Background: One of the major limitations of nonviral gene delivery methods is nuclear transport of plasmid DNA (pDNA). Peptides bearing nuclear localization signal (NLS) were shown to mediate nuclear import of macromolecules. We have explored the use of cell-permeable peptides (CPP) bearing NLS sequences to enhance transfection mediated by a nonviral approach: therapeutic ultrasound (TUS). Methods: Two CPP-NLS peptides which differ in the location of the NLS relative to the CPP were used: S413-PV and PV-S413. The peptides were attached to pDNA using electrostatic interactions. Gel-electrophoresis and fluorescent assays were performed to evaluate pDNA–peptide interactions and condensation effects. Confocal microscopy was used to evaluate pDNA–peptide interaction inside cells. Transfection studies were conducted with the luciferase gene, using pDNA-peptides alone, or with the application of TUS. Results: Attachment of both peptides to pDNA condensed the pDNA, with higher affinity for the S413-PV peptide. This interaction protected pDNA from endonucleases, but was also reversible. Both peptides mediated pDNA delivery to cell cytoplasm, but less significantly to the nucleus. Thus, both peptides produced transfection in cells, when added after incubation with DNA, with higher transfection-level for PV-S413. Application of TUS increased transfection mediated by these peptides, but was not higher compared to transfection using TUS and pDNA alone. Conclusions: This study suggests that CPP-NLS peptides may be used for condensing pDNA and bringing it into the cell cytoplasm, but their ability to mediate nuclear import of pDNA is insignificant.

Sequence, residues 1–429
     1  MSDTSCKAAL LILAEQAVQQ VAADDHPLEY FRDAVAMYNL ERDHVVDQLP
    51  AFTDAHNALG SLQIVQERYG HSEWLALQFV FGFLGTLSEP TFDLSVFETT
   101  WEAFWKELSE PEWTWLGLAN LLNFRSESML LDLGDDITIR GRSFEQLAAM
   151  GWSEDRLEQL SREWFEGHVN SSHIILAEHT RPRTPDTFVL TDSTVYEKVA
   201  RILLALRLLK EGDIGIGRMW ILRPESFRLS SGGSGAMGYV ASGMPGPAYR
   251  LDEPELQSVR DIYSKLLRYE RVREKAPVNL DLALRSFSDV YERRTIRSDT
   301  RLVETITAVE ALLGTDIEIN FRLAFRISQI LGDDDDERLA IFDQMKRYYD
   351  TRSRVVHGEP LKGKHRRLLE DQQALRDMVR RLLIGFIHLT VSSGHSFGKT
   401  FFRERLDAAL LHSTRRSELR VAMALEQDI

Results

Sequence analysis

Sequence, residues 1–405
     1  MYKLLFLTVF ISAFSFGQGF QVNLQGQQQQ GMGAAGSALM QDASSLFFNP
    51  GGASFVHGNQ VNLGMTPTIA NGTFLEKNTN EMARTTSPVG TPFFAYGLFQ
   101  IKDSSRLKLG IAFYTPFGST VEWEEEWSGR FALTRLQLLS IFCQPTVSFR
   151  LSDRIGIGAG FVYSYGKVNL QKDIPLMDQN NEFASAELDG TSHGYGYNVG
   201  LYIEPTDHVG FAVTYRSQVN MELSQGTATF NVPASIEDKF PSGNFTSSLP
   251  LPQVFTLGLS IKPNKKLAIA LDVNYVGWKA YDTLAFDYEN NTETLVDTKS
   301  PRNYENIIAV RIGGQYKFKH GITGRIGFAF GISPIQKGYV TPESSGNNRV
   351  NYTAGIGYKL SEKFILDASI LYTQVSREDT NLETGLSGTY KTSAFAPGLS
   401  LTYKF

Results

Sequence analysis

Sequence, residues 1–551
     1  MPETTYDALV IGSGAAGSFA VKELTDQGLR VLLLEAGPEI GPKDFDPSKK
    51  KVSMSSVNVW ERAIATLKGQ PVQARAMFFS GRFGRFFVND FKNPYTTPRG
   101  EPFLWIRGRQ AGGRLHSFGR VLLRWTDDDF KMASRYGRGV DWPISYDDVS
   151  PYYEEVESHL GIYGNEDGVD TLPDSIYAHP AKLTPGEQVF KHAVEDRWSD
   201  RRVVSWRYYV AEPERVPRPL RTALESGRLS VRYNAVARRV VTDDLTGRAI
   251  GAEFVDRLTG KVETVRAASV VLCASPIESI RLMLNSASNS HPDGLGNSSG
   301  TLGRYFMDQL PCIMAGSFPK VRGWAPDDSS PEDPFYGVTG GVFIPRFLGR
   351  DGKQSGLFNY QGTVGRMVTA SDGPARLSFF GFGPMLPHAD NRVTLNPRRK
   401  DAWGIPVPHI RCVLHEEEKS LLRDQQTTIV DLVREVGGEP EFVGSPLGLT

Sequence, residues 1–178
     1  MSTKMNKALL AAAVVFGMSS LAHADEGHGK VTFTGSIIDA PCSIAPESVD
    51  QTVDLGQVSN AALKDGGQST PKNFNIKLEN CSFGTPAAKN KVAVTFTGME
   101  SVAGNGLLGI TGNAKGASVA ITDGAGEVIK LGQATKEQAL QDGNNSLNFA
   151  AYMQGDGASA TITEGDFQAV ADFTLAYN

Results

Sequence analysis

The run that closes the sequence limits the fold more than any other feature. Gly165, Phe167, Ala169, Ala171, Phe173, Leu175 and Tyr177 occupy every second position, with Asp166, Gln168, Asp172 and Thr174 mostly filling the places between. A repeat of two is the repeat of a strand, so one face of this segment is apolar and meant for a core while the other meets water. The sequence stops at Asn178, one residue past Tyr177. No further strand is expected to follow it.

Gene therapy clinical trials are limited due to several hurdles concerning the type of vector used, particularly, the viral vectors, and transfection efficacy when non–viral vectors are used. Therapeutic ultrasound is a promising non–viral technology that can be used in the clinical setting. Here, for the first time, we show the efficacy of therapeutic ultrasound to deliver genes encoding for hemopexin-like domain fragment (PEX), an inhibitor of angiogenesis, to prostate tumors in vivo. Moreover, the addition of an ultrasound contrast agent (Optison) to the transfection process was evaluated. Prostate cancer cells and endothelial cells (EC) were transfected in vitro with cDNA-PEX using therapeutic ultrasound alone (TUS + pPEX) or with Optison (TUS + pPEX + Optison). The biological activity of the expressed PEX was assessed using proliferation, migration, and apoptosis assays done on EC and prostate cancer cells. TUS + pPEX + Optison led to the inhibition of EC and prostate cancer cell proliferation (<65%), migration (<50%), and an increase in apoptosis.In vivo, C57/black mice were inoculated s.c. with prostate cancer cells. The tumors were treated with TUS + pPEX and TUS + pPEX + Optison either once or repeatedly. Tumor growth was evaluated, after which histology and immunohistochemistry analyses were done. A single treatment of TUS + pPEX led to a 35% inhibition in tumor growth. Using TUS + PEX + Optison led to an inhibition of 50%. Repeated treatments of TUS + pPEX + Optison were found to significantly (P < 0.001) inhibit prostate tumor growth by 80%, along with the angiogenic indices, with no toxicity to the surrounding tissues. These results depict the efficacy of therapeutic ultrasound as a non–viral technology to efficiently deliver genes to tumors in general, and to deliver angiogenic inhibitors to prostate cancer in particular.